But Apple has to stand by its terms of service. If a game or app deliberately violates the rules, it needs to be taken down, no ifs, no buts. Especially if the developer of such an app is wildly flaunting its circumvention of the rules.
It's worth noting, of course, that Epic clearly knew this would happen. 65-page legal documents aren't drafted in an afternoon. Short films aren't animated in an hour. Somebody at Epic wargamed this entire scenario, and the company came prepared for a fight.
Apple also doesn't necessarily need Fortnite on the App Store. Even if Apple takes 30 per cent of that $1 billion the game has made on mobile (the actual figures are slightly more complex), that's only $300 million. Tim Cook could lose that money down the back of the sofa and not blink.
Why did Google also go nuclear?
Google took a little longer to remove Fortnite from its store, but it was probably weighing up which allegiance to make in this fight.
Epic has firmly placed itself in the camp of the oppressed minority, struggling to make a buck under the thumb of The Man
If it sided with Epic, it would need to revamp its commission rates pretty sharpish. That would be a huge cost to Google, even if it would gain some points with the players. And it wouldn't happen overnight, meaning Fortnite would stay off the store anyway while it was all sorted, or else come back with the Epic direct pay option intact, undermining the rest of the games on the service.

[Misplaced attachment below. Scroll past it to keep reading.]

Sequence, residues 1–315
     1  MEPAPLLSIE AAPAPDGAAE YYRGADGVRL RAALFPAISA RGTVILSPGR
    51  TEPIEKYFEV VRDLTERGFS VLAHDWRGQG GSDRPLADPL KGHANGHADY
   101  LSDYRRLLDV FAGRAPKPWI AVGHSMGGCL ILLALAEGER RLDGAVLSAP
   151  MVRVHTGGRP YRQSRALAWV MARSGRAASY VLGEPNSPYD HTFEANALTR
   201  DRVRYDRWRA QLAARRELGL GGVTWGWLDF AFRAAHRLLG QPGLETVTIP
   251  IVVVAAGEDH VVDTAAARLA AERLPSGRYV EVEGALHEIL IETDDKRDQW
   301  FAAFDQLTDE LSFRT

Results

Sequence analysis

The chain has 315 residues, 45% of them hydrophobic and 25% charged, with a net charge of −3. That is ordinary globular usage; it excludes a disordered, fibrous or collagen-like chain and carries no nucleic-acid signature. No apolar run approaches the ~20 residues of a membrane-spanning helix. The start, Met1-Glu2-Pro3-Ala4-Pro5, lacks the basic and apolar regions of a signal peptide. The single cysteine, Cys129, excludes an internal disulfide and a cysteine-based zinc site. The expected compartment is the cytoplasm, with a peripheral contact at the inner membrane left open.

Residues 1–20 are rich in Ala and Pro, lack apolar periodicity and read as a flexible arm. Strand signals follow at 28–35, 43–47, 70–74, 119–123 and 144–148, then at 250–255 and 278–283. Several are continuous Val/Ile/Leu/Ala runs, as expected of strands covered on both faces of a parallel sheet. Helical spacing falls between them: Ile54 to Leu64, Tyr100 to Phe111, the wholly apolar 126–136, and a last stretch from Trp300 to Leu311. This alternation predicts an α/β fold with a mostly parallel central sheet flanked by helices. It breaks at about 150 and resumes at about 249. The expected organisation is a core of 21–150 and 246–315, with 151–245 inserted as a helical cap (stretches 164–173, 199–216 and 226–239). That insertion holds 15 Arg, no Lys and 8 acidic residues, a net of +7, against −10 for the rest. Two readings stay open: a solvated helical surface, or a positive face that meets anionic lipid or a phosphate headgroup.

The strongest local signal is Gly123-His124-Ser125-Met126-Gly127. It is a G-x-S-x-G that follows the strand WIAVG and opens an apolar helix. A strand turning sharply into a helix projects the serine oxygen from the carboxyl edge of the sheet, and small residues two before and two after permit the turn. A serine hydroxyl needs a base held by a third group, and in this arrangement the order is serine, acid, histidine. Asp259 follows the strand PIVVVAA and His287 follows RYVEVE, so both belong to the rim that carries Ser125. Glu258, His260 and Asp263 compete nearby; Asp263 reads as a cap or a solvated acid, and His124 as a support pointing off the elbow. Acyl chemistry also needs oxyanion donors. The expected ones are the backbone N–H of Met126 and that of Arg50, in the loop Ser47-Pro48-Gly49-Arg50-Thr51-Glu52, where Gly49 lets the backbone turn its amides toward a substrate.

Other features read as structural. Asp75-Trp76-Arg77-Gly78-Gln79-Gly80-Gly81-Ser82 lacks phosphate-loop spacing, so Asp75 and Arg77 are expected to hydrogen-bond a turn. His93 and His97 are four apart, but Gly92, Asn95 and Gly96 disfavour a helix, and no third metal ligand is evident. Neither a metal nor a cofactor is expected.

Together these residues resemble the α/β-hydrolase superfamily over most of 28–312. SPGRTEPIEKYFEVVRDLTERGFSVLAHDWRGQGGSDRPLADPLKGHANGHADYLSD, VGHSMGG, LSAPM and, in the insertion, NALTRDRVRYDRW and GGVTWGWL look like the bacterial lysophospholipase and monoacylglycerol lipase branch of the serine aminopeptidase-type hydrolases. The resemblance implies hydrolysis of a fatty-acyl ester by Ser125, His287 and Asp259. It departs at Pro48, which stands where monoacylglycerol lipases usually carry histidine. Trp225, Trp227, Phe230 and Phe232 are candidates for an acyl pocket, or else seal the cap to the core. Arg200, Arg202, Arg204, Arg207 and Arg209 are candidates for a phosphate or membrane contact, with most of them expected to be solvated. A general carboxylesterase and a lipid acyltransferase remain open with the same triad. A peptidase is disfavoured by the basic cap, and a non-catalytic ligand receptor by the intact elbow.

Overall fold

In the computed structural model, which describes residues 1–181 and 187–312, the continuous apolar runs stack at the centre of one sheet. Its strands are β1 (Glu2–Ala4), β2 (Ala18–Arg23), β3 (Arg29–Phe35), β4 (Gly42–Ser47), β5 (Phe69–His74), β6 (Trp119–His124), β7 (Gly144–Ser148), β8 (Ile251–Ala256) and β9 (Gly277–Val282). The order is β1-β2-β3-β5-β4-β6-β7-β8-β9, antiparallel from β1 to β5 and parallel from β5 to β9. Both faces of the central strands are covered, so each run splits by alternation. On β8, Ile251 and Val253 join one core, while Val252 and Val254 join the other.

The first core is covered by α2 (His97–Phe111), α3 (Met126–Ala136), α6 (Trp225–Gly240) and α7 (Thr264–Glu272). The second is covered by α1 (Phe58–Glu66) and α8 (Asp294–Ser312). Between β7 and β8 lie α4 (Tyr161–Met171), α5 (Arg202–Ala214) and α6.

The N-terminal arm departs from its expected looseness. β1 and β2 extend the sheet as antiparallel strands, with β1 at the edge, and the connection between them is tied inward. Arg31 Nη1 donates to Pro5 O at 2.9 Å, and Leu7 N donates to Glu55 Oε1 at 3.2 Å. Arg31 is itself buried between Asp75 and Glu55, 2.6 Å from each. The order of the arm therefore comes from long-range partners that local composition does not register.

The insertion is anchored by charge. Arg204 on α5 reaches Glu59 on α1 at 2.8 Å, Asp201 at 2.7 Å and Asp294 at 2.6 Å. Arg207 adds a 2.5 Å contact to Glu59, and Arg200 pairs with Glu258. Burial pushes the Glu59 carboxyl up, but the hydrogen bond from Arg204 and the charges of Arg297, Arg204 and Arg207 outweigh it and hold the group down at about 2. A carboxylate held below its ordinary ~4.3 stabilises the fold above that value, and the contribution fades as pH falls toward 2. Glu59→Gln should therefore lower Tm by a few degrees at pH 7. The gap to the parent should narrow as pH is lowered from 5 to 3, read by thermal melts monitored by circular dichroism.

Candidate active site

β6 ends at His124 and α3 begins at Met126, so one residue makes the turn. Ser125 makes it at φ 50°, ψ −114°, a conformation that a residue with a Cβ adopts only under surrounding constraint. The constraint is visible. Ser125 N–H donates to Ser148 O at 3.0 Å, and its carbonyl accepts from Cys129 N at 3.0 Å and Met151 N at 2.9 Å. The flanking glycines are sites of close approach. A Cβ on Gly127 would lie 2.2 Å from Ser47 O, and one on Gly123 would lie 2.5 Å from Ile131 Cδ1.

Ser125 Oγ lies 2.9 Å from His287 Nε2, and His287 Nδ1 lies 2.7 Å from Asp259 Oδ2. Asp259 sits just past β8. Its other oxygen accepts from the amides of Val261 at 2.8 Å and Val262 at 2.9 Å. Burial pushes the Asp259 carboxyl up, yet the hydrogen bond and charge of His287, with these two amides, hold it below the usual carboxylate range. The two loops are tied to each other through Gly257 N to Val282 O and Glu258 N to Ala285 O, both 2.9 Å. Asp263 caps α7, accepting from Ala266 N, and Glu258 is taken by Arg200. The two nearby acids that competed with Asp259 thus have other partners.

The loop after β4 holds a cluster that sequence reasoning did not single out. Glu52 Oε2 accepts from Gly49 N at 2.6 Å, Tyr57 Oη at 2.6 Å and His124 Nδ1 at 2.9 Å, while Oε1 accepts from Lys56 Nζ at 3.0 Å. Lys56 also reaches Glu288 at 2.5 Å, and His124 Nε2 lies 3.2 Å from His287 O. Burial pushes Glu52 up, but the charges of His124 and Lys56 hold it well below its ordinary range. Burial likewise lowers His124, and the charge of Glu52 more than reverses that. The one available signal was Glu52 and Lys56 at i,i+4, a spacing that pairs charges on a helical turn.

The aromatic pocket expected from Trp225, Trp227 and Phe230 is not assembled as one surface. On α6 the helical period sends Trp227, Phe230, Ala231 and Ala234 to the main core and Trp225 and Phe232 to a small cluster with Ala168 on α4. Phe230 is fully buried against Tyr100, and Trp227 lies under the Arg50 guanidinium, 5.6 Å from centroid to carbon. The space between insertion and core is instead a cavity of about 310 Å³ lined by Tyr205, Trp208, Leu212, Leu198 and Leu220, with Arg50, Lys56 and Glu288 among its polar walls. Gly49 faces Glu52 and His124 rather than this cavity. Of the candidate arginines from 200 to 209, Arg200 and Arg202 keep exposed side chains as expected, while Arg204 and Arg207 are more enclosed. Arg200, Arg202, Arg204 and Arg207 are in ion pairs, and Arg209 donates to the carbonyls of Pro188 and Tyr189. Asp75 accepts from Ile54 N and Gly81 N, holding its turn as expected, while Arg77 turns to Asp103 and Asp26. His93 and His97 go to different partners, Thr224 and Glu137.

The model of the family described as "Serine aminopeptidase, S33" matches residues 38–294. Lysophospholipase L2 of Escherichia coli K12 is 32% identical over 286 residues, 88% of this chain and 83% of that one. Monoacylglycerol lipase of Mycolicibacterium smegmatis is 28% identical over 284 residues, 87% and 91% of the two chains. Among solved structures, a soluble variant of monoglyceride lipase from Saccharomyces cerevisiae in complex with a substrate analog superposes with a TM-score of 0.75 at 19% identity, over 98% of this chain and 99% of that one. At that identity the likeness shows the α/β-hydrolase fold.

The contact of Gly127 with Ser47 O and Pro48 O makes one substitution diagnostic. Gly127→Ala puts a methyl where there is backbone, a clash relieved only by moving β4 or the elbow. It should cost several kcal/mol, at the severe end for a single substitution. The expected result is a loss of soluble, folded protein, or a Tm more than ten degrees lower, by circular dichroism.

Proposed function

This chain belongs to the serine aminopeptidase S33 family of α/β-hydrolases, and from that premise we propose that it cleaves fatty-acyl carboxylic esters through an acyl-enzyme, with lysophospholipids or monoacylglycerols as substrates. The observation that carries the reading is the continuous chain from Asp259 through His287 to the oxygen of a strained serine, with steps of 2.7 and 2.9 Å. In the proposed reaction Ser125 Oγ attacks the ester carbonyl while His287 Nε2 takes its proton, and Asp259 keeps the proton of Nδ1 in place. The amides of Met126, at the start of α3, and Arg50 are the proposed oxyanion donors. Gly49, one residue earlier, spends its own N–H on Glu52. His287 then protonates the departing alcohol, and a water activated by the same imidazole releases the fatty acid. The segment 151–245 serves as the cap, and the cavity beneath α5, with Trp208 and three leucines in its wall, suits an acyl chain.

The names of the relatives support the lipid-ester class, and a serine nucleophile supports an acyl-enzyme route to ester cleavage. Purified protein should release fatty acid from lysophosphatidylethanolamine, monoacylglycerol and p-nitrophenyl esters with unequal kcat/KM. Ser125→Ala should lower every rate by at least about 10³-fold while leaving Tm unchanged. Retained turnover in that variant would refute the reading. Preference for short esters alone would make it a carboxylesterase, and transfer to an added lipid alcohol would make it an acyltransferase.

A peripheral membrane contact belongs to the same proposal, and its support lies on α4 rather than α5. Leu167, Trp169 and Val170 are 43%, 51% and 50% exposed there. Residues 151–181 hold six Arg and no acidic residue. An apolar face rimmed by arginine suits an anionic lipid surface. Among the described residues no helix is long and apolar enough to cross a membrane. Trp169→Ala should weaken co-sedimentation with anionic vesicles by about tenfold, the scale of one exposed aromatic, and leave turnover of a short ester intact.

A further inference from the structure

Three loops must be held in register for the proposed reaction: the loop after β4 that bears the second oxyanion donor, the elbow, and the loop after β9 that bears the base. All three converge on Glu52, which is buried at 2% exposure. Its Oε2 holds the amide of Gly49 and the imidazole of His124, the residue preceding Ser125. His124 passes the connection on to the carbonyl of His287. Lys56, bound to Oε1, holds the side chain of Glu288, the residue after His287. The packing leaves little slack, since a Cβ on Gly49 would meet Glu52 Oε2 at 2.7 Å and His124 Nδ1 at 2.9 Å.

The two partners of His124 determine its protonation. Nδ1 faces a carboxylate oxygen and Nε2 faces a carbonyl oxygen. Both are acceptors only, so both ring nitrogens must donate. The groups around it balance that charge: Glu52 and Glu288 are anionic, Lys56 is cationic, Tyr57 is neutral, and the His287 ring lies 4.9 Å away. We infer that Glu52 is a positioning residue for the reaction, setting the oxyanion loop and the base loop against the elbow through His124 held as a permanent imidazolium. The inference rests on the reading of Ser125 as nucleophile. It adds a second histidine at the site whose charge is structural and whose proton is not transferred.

Taking the same stance as Apple realistically makes the most sense for Google. It keeps its commission rate, which saves a lot of time and money for now, and it's probably not missing out on Fortnite revenues either - players can still get the game through Epic's own app if they don't mind side-loading an APK.
Google's platform is already set up to be more open and allow developers to take their own route to delivering apps - even if it's making it harder to avoid paying through Google Play, something Epic is quick to point out at every turn.
This means that Google won't be under as much scrutiny as Apple from a public perspective, since Fortnite will still be playable on Android for the foreseeable future. Though Google will definitely be keeping a close eye on the Apple case, since if that firm loses, Google will also need to make changes to its store.
Who are the winners and losers?